To Dream the Impossible Dream...

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It has been one week since the start of #CUE14 and I am only now having the chance to start reflecting on my experience.  It was a fabulous 4 days of connecting, learning, reflecting, and dreaming (I stayed for the Google summit as well).

My top take-always would have to be (in no particular order)
- getting to connect with members of my far-flung #PLN in person is a priceless opportunity and great way to dive deep into some conversations normally limited to 140 characters
-attending with a small team from my site, meant more excitement as we shared and debriefed
- it was #CUE13 that started me on my journey of Twitter, presenting at conferences, becoming a better  educator, blogging, evangelizing to the "un-churched" about how school can and needs to be better if we would only try; what a difference a year makes!
- there is always something new to learn
-we all have skills, tips, tricks, ideas that can, should, and need to be shared

While the four days were long, while my brain was filled beyond my believed capacity, and while the connectivity was beyond abysmal, the experience was one that I would not trade.  In addition, I am so grateful that my colleagues who went with are as passionate as I...perhaps even more passionate.  That is a huge relief because I know that I don't have to be a lone nut at my site.  For those of you who are the lone nut, you know how frustrating that can be.  I wish you the benefit of at least one co-conspirator soon to help lighten your burden of improving the experiences for all of your students.

Over the four days I took copious notes.  My Evernote folder for the weekend is chock full of ideas, resources, and names.  In addition, there were all of the side conversations with friends and colleagues.  All of this got me thinking about my dream school.  I should add before launching into my description that shortly before #CUE14, I finished reading Daniel Pink's Drive and while at #CUE14 was (and still am) reading Eric Scheninger's Digital Leadership so realize that I was reflecting on many factors during the weekend!   While there are many obstacles to my dream, I want to chronicle the ideas here.  Because maybe, just maybe, there is a way to bring some of this into reality...

The school of my dreams is completely focused on preparing students for the here and now (thank you @davidtedu for opening my eyes to this need) as well as for their future needs.  To do this, every student would build their own digital portfolio to chronicle their learning while allowing them to reflect on their learning journey.  The days would start with an hour or so of core knowledge.  Elementary school could include some guided reading, basic math facts, simple science concepts.  Middle and high school would have some advanced math, book discussion groups, and again some core science concepts.  All of this core experience would provide students with the scaffolding students would need to then pursue the rest of their day.  Students, as they get older, would have more and more freedom to structure their days.  What would they do with these hours, you ask?  Simple: pursue learning in the way that makes sense to them.  Armed with something perhaps akin to an academic "passport", they would set learning goals to address driving questions developed by the departments and learning level teams.  They would have to answer them, demonstrating mastery before  moving to the next set of questions in a given content area or progress to the next grade level.  These driving questions would span social sciences, science, math, arts, english, and foreign languages.  Teachers would be available in (class)rooms to conduct small seminars, guide research, review and assess student work and provide feedback.  Students would be graded based on standards and their reflections on their iterations of learning.  No multiple choice.  Just authentic learning.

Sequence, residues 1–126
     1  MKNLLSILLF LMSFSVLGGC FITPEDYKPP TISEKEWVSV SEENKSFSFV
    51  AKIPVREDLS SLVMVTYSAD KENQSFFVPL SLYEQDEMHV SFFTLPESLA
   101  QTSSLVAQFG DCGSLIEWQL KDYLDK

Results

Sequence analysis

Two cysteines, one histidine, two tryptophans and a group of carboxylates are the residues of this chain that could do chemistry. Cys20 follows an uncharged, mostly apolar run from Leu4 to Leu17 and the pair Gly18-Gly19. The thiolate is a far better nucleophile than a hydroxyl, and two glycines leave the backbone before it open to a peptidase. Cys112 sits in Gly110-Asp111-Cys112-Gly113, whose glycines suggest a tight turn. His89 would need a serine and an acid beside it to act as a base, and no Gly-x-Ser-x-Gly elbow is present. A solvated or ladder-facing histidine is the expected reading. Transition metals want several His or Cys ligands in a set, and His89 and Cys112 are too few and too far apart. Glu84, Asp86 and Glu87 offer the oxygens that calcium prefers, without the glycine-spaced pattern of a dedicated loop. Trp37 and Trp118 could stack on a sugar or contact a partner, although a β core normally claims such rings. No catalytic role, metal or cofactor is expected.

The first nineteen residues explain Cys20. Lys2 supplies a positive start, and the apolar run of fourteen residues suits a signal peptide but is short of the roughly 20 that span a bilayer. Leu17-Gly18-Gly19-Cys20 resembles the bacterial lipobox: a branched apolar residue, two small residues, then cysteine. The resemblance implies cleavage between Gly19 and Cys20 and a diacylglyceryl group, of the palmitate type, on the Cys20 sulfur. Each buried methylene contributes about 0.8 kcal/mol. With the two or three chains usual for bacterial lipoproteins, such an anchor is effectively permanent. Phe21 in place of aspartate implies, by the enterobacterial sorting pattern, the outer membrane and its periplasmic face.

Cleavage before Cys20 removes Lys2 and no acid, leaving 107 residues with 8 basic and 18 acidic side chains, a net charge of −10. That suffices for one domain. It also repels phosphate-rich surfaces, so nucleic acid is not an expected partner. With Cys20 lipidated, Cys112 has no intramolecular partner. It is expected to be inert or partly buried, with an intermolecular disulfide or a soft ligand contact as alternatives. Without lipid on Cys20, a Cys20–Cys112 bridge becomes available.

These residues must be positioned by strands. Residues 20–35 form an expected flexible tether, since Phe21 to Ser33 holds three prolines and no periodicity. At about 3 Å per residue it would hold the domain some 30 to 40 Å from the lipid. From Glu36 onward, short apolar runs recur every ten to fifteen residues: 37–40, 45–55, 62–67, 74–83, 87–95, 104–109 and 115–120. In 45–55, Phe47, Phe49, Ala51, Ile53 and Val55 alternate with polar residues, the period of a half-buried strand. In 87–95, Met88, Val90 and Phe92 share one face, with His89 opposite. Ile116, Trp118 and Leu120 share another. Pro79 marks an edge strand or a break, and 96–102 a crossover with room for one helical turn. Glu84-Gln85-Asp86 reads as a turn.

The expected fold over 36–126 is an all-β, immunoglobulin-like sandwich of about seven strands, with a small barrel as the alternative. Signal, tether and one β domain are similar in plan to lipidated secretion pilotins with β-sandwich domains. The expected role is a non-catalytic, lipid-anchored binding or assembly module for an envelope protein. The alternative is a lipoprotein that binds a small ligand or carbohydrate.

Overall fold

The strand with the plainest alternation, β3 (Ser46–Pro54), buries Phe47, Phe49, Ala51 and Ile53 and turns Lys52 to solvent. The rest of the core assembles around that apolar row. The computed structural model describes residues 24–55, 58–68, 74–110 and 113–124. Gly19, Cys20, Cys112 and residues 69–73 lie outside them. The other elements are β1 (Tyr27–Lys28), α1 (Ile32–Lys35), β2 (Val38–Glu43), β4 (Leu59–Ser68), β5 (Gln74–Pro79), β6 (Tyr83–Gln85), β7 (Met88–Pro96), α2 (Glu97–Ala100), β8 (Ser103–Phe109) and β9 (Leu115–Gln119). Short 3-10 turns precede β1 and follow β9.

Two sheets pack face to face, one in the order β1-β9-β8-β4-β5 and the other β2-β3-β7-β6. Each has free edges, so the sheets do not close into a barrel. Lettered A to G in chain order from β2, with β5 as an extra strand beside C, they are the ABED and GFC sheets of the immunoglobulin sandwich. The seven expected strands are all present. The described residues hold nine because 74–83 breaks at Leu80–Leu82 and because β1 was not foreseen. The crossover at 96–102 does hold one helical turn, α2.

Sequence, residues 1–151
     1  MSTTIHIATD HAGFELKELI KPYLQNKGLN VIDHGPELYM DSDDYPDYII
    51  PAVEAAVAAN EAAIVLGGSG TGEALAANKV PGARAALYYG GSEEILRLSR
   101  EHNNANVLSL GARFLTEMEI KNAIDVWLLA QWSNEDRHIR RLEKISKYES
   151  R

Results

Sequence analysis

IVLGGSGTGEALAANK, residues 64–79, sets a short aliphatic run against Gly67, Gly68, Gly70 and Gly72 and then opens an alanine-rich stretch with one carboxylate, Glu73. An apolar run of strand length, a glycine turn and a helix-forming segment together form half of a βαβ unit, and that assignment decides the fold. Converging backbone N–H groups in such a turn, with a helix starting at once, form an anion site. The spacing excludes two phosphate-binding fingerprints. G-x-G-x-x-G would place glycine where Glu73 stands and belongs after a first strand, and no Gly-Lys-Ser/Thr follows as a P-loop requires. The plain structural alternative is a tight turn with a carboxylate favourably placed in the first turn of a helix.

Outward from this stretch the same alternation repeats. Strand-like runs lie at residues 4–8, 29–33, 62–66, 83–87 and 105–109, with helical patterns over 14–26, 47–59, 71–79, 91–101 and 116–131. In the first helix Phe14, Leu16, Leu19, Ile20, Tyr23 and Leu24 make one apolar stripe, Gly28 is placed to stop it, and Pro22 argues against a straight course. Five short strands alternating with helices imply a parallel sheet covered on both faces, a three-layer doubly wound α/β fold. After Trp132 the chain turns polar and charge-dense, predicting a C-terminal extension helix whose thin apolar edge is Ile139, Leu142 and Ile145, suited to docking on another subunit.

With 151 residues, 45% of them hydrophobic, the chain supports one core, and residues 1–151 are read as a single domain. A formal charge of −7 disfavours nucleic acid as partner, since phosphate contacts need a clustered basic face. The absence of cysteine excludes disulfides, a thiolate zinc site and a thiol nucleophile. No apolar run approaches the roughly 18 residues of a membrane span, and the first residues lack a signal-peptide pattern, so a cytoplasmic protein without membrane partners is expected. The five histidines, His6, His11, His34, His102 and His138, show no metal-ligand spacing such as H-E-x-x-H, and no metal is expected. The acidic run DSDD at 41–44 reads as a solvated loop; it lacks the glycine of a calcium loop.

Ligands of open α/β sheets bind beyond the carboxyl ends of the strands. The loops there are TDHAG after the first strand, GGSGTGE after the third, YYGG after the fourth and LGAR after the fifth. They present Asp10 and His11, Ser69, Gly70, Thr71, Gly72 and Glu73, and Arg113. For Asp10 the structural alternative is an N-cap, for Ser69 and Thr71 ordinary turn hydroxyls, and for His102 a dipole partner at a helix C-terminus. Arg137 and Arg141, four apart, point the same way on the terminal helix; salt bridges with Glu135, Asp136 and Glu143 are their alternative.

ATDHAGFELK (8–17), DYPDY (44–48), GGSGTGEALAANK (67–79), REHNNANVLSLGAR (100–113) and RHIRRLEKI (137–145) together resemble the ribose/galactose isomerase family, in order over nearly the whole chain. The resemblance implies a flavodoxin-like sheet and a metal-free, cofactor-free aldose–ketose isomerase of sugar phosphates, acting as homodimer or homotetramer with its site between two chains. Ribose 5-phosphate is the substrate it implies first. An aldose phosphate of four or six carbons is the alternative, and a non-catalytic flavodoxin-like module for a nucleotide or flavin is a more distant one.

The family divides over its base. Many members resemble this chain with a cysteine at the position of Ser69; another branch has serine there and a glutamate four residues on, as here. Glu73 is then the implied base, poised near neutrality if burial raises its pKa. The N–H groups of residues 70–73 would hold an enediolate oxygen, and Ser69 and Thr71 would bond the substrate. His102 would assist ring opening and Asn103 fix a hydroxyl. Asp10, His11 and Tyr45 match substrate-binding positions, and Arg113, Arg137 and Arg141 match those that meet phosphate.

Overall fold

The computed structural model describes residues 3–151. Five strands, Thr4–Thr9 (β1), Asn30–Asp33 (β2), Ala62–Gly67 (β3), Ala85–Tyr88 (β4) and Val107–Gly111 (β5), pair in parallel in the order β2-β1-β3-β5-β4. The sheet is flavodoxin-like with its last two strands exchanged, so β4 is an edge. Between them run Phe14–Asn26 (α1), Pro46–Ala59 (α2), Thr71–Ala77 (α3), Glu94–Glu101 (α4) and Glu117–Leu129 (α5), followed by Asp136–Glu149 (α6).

Mixed in with this would be required physical activity.  Campuses would be equipped with gyms, perhaps a climbing wall, weight rooms, pools, outdoor areas and anything that makes sense for the community.  Old-school PE teachers would be recycled into or replaced by individuals more in line with personal trainers and nutrition consultants.  Students would set fitness goals just as they would set learning goals.

And finally, the best part (in my opinion) is that every student would be able to make 20% time part of the regular learning experience at any age.  This would be part of their learning goals.

They would be blogging, creating, collaborating, and learning in a very dynamic, exciting, and self-directed environment.  They work at their pace, design the learning that makes sense to them to master the material, and pursue their passions.  Imagine how this  model of learning would inspire the students and adults involved!  What could they accomplish every day, week, year?  

I know that this is a dream.  But as we were told last weekend, Google believes that you have to dream the  impossible to achieve change.  

So thank you #CUE14 (and #CUE13).  You have changed my approach to learning and leadership.  You have provided me with tools, introduced me to the amazing resource of Twitter, and allowed me to dream.

As always, I welcome your comments.


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